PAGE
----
LOS ANGELES (AP) — California got some badly needed precipitation Thursday from a fast-moving storm that forecasters said would be followed by heavier rains and snow and the possibility of flooding and mud flows into communities near areas scarred by wildfires.
Despite sunny blue skies behind the first storm, mandatory evacuation orders were issued for about 1,000 homes in two of Los Angeles' eastern foothill suburbs beneath nearly 2,000 acres of steep mountain slopes left bare by a January fire.
For days, the cities of Glendora and Azusa have made extensive preparations. Residents built barriers of wood and sandbags to keep debris flows in streets and out of homes.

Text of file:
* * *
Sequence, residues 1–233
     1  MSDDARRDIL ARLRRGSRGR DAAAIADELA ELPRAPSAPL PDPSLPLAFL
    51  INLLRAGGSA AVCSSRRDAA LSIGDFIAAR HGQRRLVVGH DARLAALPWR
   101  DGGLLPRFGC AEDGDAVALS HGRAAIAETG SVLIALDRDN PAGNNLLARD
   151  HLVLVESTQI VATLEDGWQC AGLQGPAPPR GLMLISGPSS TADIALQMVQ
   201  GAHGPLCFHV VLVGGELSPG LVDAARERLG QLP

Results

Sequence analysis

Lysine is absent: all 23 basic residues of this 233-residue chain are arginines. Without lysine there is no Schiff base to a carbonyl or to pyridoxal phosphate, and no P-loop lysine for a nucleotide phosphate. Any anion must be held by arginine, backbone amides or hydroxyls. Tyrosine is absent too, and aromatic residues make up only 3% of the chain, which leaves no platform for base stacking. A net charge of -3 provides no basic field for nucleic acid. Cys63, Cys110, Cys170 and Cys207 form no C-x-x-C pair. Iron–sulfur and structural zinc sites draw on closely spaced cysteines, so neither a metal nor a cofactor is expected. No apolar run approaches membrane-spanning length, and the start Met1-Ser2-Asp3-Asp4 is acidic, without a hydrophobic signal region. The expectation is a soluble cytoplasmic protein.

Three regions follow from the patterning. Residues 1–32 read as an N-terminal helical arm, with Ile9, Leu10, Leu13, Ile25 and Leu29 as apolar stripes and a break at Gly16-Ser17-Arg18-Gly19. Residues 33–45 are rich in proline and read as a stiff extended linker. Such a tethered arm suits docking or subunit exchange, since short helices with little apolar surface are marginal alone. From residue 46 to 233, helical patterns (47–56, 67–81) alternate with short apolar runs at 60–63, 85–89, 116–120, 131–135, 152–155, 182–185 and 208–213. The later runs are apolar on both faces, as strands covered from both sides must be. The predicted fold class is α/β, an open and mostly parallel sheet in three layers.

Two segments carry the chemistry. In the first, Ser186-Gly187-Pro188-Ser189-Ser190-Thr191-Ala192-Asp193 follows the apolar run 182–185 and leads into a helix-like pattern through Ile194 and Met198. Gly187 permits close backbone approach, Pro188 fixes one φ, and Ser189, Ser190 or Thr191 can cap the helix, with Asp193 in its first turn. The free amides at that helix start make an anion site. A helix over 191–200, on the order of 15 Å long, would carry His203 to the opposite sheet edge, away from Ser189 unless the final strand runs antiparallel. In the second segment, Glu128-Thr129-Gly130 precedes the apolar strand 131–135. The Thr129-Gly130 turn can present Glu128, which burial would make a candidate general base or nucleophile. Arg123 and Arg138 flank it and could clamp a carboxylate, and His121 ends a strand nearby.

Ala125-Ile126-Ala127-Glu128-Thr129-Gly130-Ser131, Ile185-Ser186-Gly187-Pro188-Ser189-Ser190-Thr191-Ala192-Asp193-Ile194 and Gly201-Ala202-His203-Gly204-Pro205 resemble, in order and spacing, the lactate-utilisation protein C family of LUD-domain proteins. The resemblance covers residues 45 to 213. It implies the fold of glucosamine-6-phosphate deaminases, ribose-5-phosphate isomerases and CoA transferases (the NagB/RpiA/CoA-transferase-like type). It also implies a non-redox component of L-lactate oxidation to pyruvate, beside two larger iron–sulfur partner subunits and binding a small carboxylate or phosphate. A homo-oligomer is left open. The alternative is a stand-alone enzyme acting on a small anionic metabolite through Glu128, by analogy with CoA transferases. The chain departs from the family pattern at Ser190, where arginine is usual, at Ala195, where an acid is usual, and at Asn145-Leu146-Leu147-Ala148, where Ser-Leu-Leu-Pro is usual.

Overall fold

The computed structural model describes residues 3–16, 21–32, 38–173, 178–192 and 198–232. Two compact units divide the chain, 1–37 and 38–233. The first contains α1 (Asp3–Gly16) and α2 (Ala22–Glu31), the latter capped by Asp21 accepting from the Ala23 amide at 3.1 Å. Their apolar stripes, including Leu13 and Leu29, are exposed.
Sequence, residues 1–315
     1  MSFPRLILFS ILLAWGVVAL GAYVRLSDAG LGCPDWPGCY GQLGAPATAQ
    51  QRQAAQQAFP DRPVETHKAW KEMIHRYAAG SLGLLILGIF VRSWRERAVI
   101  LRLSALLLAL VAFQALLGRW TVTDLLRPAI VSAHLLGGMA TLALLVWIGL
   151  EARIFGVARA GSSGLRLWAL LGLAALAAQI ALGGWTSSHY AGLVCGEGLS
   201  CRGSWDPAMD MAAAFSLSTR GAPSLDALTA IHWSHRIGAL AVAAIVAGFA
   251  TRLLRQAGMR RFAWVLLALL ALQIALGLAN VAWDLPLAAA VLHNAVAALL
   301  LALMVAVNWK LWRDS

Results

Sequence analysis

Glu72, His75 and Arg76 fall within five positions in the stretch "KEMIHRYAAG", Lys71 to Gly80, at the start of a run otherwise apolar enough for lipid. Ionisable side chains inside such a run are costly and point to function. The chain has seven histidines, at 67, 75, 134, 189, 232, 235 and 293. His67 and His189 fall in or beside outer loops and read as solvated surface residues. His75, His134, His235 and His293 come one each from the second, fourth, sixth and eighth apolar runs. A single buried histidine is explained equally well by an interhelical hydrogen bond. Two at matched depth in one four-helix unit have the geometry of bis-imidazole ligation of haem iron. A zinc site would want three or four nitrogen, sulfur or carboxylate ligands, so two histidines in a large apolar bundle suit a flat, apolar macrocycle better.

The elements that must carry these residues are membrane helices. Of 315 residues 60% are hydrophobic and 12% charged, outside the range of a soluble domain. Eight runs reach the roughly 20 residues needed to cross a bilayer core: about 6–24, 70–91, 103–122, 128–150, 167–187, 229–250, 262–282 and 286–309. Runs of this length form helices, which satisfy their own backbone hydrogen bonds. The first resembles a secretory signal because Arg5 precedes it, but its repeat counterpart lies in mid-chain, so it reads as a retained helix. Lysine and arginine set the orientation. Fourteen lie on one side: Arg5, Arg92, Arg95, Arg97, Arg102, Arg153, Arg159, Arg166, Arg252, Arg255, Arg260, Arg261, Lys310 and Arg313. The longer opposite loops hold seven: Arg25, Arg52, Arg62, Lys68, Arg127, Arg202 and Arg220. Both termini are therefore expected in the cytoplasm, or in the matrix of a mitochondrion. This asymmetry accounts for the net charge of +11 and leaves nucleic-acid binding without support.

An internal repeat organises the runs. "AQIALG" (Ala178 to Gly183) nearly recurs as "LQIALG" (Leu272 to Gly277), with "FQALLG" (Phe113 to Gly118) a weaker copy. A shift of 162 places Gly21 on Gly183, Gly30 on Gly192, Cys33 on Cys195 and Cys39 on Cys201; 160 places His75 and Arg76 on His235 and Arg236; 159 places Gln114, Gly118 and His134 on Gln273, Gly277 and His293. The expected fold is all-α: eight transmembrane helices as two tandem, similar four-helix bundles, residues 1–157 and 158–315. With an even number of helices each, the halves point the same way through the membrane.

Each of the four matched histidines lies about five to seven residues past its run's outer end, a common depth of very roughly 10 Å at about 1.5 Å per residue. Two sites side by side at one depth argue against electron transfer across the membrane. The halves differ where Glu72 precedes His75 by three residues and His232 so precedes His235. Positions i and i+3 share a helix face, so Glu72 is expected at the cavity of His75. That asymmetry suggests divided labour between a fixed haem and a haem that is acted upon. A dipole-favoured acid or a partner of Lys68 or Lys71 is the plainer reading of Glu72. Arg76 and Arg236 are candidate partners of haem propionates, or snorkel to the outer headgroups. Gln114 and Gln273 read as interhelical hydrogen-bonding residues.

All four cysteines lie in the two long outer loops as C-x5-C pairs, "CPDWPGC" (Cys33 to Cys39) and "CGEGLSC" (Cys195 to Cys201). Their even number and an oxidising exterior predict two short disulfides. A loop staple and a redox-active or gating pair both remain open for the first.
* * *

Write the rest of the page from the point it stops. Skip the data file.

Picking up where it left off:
While concern was highest in the Glendora-Azusa area, meteorologists also posted flood watches for many other areas denuded by fires over the past two years. The National Weather Service warned of possible rainfall rates of 1 to 2 inches an hour as well as waterspouts offshore and small tornados when the next storm moves through the state Friday.
California's precipitation totals are far below normal and it will take a series of drenching storms to make a dent in a statewide drought that is among the worst in recent history.
The state Department of Water Resources took a new survey of the Sierra Nevada snowpack and found the water content at only 24 percent of average for the date. The northern and central Sierra snowpack normally provides about a third of the water used by California's cities and farms.
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